Poole & Hunt Foundry, Baltimore, MD circa 1917
Word Smith: Hemp
A cousin to the hallucinogenic plant, marijuana, hemp or jute has been used by humanity for centuries in the cordage trade.
The Poole & Hunt Foundry, which was located in the Jones Falls Valley of Baltimore, thrived on the making of braided ropes and sashes that were used in the shipping industry. Their cordage, prized for its durability, was also the first to be used in San Francisco, when they wanted the most sturdy and reliable cables in the world for their steep hill climbing cable cars.
Hemp, or Industrial Hemp, is typically found in the northern hemisphere. It is a variety of the Cannabis sativa plant species, that farmers cultivate specifically for the industrial uses. Hemp is one of the fastest growing plants and was one of the first plants that humans used to braid and spin into usable fibers, over 10,000 years ago.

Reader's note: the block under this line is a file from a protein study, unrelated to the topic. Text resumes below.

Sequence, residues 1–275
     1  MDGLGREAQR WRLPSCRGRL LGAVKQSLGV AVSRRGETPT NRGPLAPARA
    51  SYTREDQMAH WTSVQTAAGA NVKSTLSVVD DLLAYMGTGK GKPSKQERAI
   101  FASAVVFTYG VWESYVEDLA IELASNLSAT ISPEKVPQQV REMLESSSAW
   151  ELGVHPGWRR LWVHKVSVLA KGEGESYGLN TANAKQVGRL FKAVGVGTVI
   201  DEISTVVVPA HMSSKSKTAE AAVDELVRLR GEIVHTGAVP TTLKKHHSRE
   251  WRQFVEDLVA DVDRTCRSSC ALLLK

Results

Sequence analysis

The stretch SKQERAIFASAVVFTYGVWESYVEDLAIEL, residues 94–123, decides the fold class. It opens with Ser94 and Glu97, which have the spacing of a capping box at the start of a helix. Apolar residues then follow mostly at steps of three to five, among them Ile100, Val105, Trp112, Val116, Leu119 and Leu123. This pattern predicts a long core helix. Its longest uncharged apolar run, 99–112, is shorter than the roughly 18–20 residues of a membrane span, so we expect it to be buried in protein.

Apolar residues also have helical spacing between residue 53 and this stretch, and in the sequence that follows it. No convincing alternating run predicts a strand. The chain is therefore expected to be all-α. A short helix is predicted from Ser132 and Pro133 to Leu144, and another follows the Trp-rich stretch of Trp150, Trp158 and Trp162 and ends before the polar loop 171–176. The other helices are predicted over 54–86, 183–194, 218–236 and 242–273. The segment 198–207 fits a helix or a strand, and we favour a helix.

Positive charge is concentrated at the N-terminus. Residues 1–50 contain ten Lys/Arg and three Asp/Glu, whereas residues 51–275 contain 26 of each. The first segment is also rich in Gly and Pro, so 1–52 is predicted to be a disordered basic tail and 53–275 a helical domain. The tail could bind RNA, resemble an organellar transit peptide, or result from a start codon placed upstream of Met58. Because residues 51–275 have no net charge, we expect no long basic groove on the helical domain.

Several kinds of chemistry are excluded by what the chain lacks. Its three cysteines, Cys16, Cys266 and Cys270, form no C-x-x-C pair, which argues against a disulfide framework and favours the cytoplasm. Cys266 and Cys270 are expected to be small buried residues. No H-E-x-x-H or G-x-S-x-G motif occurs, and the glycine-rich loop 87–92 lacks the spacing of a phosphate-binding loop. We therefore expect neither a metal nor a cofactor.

Hemp can be refined and reprocessed into a variety of commercial items including paper, textiles, clothing, biodegradable plastics, paint, insulation, bio-fuel, food, and animal feed.
Although Cannabis sativa is a drug, industrial hemp is harvested from a distinct strain with unique psychoactive component (for example THC) with its own phytochemical composition and uses. Industrial help has lower concentrations of THC and higher concentrations of cannabidiol (CBD), which decreases or eliminates its psychoactive effects. The laws that purport Industrial Hemp as “legal” vary widely among states and different counties of the globe. Some governments regulate the concentration of THC in all plants and permit only hemp that is bred with an especially low THC content.